The last monument of the year is upon us and the now almost year-round cycling season is winding down, albeit there are still some races left after tomorrow’s affair. However, il Lombaria marks the traditional end of the season and so this will be the last preview of the year. Before starting it properly though, I’ll get the soppy stuff out the road first…

Thank you for returning continuously throughout the year to read the posts and interacting with me on Twitter etc, it really helps to keep me motivated through the months where I’m churning out a preview a day or more! I’m proud to see the blog grow even more this year and thanks for being a part of that – I hope I’ve been able to deliver good and entertaining content, well, at least for most of the time.*

*We’ll just ignore the processional final GT stages…

I’m not sure what the off-season will bring, maybe some rider interviews but let’s be honest, who is really wanting to be interviewed here rather than one of the bigger sites so that is probably a no go. I’ll try to get some opinion pieces out or rider profiles for “ones to watch” or anything really. We’ll see how bored I get during the cold and dark winter months in Scotland!

I never thought at the start of the year I’d manage to get two pieces published in Cycling Weekly and once again that is down to you for sharing and engaging with the content on here/Twitter. Not bad for someone who is a “clueless” cycling blogger – shout out Mr Wong.

But yeah, cheers and enjoy the off-season.

Here goes nothing for one last time this year…


 

In 2017 we were treated to a tough and tactical race but it was a day that was really ever going to be won by one rider – Vincenzo Nibali.

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The Italian was one of the strongest riders on the climbs and only Pinot could match him, but it was on the descents where he proved his worth. He delivered a trademark masterclass and took 15 seconds off of the Frenchman on the penultimate climb’s descent before skipping up the final climb and riding solo to the finish. Behind, Pinot was caught by a group and thanks to some more dare-devil descending, Alaphilippe took second place – a sign of things to come for this year. The Pinot group then sprinted for the final podium spot and it was Moscon who took the spoils.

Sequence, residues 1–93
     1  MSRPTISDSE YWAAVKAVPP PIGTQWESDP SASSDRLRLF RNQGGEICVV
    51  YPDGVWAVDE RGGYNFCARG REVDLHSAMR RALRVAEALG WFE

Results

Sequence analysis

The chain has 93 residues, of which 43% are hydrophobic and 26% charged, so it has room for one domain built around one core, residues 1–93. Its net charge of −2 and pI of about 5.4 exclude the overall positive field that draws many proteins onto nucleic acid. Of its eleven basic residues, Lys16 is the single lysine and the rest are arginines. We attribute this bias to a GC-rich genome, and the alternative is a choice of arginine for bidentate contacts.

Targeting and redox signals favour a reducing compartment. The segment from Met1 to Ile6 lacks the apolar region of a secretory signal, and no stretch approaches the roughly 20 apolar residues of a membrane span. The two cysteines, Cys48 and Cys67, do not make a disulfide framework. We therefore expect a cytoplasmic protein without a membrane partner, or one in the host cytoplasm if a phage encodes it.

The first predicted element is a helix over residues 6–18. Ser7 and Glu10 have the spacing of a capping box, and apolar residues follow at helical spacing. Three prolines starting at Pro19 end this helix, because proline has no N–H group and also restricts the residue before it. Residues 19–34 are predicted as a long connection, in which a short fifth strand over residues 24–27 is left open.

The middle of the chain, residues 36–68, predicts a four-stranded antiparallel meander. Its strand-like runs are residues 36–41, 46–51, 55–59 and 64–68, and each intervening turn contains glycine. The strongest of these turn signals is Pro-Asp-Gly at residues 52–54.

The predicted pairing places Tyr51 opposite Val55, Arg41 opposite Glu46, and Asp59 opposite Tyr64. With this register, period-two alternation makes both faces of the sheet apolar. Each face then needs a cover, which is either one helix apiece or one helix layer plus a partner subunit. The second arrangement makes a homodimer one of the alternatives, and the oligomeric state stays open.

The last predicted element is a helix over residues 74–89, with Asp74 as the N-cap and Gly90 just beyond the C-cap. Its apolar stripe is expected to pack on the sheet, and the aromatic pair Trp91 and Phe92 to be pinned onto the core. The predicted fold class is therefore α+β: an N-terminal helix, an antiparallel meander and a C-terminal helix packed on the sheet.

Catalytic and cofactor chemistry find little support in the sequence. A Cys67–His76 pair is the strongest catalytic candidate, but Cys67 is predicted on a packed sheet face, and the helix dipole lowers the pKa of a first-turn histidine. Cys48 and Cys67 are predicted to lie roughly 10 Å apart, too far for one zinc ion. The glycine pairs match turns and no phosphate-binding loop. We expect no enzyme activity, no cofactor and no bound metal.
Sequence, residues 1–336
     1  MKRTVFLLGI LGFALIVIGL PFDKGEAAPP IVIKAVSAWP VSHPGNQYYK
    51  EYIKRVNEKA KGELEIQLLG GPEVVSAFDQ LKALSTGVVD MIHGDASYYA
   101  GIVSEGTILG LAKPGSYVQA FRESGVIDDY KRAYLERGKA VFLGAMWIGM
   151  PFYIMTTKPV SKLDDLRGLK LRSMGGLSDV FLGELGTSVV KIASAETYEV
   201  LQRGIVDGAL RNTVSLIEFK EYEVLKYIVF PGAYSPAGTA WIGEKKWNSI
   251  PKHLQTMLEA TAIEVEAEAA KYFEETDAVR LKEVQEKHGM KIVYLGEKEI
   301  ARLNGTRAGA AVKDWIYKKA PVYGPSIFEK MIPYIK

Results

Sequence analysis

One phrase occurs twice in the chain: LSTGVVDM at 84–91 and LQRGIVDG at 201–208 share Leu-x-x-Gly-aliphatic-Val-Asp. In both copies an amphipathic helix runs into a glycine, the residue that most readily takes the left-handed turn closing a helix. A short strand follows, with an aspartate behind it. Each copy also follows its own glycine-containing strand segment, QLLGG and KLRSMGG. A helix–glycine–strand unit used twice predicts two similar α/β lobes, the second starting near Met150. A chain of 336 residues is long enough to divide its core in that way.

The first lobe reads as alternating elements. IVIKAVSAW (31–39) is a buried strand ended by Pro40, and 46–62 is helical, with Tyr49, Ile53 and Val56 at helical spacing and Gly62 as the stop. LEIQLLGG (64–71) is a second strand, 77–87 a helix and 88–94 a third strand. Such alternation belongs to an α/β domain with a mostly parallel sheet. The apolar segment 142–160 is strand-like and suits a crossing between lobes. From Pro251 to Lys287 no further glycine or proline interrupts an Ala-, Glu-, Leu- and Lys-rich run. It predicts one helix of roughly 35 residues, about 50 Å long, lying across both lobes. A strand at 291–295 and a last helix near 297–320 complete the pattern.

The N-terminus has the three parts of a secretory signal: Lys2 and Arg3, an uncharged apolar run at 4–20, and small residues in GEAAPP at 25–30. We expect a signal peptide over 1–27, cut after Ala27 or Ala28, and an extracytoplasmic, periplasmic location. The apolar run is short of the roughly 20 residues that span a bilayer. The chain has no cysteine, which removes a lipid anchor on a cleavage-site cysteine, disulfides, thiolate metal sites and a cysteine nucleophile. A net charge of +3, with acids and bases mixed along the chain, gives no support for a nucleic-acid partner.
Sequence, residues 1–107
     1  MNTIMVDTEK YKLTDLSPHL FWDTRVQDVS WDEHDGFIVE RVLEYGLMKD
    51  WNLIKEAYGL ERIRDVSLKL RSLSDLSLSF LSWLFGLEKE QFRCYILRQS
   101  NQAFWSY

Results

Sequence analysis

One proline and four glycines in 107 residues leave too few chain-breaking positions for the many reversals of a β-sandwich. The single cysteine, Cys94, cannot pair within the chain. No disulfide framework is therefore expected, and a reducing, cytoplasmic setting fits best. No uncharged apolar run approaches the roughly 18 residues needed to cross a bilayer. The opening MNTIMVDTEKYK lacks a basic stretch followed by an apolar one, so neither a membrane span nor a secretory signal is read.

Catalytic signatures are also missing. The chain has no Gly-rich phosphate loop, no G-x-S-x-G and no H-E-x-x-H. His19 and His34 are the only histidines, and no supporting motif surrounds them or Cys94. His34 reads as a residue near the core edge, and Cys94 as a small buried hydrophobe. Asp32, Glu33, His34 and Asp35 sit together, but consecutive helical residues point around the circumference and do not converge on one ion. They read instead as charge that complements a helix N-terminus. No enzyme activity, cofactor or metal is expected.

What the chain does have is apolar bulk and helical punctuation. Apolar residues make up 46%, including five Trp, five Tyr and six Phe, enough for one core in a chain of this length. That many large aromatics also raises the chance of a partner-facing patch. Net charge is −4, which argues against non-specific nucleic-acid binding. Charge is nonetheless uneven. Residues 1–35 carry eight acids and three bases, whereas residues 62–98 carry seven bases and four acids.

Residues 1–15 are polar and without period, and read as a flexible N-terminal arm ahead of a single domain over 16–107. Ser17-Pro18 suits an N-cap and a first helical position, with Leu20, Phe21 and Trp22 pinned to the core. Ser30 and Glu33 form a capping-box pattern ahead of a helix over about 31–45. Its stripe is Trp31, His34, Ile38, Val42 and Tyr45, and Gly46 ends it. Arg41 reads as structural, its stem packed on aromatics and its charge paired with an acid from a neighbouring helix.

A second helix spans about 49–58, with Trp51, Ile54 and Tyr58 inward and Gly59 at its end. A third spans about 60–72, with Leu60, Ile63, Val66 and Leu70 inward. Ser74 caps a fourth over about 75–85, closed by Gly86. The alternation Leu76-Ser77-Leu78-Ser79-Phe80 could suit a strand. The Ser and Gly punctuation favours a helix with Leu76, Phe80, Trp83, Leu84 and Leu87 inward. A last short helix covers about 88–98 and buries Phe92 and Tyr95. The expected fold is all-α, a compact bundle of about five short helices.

Will we see a similar outcome this year? Let’s take a look at what awaits the riders.

The Route

An almost carbon copy of the 2017 route, the only major difference is that the San Fermo climb has been removed due to a threat of landslides.

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At 241km and with almost 4000m of elevation gain, it is no easy day out in the saddle. It is even more difficult though when you consider the majority of the climbing comes in the closing 70kms. First up is the famous Madonna del Ghisallo climb (9.1km at 5.2%) and we can expect to see a thinning out process here and possibly some early probing attacks by second and third tier riders from the top teams.

Any rider who is in difficulty this early on won’t have much time to rest though as they will soon face the toughest climb of the day; the Colma di Sormano.

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At 7kms in length it averages a leg breaking 8.9% in gradient. That is hard either way you look at it, but it is the final 1.9km of the climb that averages close to 16% which is the real killer.

If a team really pushes on in the bunch, not many will be left in with a chance once the peloton is over the top. Back in 2015 we had around 20 riders who made it over together, with a few more getting back on in the descent and flat roads as they headed towards Civilgio. Those 15kms are pretty important because it is yet another place where teams with numbers can launch an attack and if there is only a group of 20 up ahead, a counter attack of 5-6 riders could easily gain a minute or so quickly before Civiglio.

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Anyone that went out the back door on the Sormano but managed to get back to the peloton, will unfortunately meet their maker for the second time in the race here. Steep and persistent is the best way to describe it, the climb will wear the riders down and only the strongest will be left at the head of the race. As a tough penultimate climb, it acts as the perfect launchpad. Will anyone manage to break free?